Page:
Shopping is an art. Experienced consumers know how to appraise every aspect of the object they are considering. Nothing is too small to escape scrutiny: color, design, age, cost. The weight that each of these factors is given depends on the customer. However, this little game of the mind does not only apply to today’s extreme shoppers. Often, the things that are examined in the manner of a customer can’t be bought with money. In the same way, men shop for women. Women shop for men. The average twenty-first century Christian shops for churches.

The process can be different, depending on the person, but church shopping always follows the same major patterns. It can be very difficult and confusing, especially if you are new at this kind of thing. Just remember that feeling comfortable is usually the first priority of church shoppers and you’ll be fine. Not theological accuracy, but comfort.

Before you head out, make sure that you are dressed well. Church is about how you are perceived. After all, it is very important that you impress people. Once you arrive, begin taking mental notes. Is it too drafty inside? Does the building’s design more resemble an ancient cathedral or a hip nightclub? Do the chairs hurt your back? Does the tile in the anteroom remind you of a bad sixties diner? All of it matters. You may begin to get discouraged by all the “flaws” you find, but don’t get too worried just yet. They are not always deciding factors.

Next to consider are the people. You may be more comfortable worshiping and communing with Christians of a similar ethnicity and socio-economic background. After all, people like you will be better able to  understand the specific difficulties that you’re facing. The members must be friendly, but not too pushy. Remember, you do not want to go to a church where you are going to be roped into actually doing things. After all, you don’t want to be involved, but you need to feel included.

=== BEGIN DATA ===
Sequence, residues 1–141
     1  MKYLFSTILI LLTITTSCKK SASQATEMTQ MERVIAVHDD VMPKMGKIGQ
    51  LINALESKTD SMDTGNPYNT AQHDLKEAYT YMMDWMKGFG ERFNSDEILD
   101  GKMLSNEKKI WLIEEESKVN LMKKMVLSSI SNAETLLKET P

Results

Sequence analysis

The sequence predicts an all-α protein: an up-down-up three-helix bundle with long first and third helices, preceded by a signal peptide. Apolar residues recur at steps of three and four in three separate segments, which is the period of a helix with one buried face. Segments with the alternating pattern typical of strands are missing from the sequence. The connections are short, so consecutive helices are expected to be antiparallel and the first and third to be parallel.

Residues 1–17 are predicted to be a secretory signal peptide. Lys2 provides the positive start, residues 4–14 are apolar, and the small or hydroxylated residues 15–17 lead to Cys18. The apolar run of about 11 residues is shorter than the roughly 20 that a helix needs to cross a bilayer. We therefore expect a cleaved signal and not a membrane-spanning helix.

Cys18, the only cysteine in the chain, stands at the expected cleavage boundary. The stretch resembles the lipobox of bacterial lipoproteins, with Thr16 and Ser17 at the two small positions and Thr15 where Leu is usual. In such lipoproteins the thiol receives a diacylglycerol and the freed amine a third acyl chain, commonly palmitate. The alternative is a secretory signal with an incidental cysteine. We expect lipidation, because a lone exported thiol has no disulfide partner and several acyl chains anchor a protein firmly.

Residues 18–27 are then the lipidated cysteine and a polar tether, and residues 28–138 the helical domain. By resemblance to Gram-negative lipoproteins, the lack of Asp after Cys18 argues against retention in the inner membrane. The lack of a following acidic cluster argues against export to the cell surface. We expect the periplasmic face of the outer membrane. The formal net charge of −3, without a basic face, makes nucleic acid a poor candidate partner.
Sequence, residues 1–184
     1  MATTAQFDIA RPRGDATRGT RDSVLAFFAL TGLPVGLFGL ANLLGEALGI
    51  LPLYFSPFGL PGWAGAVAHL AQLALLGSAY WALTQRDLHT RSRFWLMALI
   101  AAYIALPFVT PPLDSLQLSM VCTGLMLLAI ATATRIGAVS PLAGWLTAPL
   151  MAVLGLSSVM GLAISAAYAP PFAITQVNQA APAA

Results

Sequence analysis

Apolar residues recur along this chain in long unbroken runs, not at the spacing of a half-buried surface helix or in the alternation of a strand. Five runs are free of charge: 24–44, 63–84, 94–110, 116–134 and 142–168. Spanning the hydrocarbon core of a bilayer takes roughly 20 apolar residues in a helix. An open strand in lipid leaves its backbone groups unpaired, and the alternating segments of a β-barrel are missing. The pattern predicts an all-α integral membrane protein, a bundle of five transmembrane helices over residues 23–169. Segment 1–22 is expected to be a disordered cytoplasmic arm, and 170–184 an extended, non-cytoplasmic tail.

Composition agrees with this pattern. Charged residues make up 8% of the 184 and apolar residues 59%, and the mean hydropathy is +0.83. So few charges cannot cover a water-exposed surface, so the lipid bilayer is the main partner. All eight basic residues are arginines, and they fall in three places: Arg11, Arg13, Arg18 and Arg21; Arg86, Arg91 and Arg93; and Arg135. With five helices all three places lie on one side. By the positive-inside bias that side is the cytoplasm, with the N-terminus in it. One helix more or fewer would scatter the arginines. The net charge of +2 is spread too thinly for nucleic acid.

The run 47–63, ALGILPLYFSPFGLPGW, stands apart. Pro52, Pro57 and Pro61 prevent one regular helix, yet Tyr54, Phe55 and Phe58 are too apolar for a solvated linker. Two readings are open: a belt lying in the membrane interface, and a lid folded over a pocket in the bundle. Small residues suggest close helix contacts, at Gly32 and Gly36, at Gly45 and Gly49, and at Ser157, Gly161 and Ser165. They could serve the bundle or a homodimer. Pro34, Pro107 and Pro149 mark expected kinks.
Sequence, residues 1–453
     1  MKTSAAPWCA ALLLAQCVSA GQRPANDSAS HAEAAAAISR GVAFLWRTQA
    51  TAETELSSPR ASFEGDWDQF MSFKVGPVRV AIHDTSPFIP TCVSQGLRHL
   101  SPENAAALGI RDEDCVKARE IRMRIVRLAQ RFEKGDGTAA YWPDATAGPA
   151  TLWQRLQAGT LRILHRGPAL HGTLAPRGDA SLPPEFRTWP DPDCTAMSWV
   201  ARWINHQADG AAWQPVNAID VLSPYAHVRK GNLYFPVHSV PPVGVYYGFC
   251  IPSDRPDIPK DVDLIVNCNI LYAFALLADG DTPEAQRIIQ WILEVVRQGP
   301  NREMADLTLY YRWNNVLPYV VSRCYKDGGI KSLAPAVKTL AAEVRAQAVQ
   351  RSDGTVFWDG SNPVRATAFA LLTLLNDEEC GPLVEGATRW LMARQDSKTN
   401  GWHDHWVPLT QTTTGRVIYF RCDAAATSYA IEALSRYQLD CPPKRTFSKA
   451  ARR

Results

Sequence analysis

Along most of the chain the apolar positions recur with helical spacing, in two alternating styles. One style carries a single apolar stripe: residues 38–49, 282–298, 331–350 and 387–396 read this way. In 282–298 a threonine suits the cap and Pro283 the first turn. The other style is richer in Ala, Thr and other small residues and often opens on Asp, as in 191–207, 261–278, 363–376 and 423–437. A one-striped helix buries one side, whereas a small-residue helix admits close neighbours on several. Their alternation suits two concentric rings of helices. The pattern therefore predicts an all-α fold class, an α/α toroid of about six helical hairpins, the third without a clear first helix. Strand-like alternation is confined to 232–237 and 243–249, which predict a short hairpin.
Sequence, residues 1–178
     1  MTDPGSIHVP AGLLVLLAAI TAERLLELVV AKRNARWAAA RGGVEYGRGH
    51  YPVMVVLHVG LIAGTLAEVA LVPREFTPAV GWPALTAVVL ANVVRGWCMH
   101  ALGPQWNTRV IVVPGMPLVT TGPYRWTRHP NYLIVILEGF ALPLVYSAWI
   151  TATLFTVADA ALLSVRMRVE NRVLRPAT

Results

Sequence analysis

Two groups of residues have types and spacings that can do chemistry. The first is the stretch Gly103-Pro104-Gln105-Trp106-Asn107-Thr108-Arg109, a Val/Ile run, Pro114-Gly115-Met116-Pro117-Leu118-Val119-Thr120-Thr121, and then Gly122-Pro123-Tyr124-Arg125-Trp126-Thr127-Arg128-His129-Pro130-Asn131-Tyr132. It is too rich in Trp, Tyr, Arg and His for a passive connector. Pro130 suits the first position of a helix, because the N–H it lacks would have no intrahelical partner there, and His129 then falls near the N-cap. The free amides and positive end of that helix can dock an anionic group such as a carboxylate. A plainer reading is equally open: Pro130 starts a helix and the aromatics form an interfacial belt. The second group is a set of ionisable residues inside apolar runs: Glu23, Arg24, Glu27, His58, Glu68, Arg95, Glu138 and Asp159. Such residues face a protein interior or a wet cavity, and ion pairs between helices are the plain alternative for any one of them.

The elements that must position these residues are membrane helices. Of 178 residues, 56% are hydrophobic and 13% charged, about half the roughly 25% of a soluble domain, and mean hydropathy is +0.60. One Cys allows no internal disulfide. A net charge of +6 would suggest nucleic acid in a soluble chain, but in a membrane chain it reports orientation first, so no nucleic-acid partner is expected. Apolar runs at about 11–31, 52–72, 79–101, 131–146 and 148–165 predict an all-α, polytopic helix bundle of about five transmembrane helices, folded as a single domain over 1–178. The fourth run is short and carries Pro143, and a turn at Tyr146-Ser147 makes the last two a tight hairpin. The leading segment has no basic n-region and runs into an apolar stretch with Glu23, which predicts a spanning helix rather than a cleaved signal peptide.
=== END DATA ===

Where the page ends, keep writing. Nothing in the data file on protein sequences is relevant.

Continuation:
Normally, the main church service starts at 11 AM. This is when you need to pay attention. Worship time is very important. Most of the complaints that are made about any church are made about the music. “The songs are too old-fashioned,” or “They sing too slowly.” These are all valid objections. You need to find a church with a worship time that really gets you into your spiritual groove. Music is the only way to worship God, so make sure you’re worshiping in your comfort zone. If you’re really feeling the Spirit moving, don’t forget to raise your hands, or the people around you won’t know how spiritual you’re feeling.

After a heartfelt rendition of the latest Chris Tomlin hit, the lights will come up and the speaker will mount the podium. If you forgot your Bible, don’t worry. It’s no longer considered important to bring one. The verses will be up on the screen in the New-International-American-Revised-Standard-Contemporary-Living-maybe-Biblical version.

Now the sermon will begin. This is where you will get very bored. If you’re lucky, the speaker will liven up his sermon with culturally relevant examples and humorous little stories involving his kids. Fortunately, it is very easy to pretend that you’re paying attention; stare vacantly into space and try not to think about how hungry you are. If you accidentally find yourself listening to the sermon, don’t take anything personally. You want a church that makes you feel comfortable. If one doesn’t, you need to find another where you will be encouraged. What you don’t need is an ancient hypocrite in a suit who doesn’t remember what it’s like to be young telling you everything you’re doing wrong.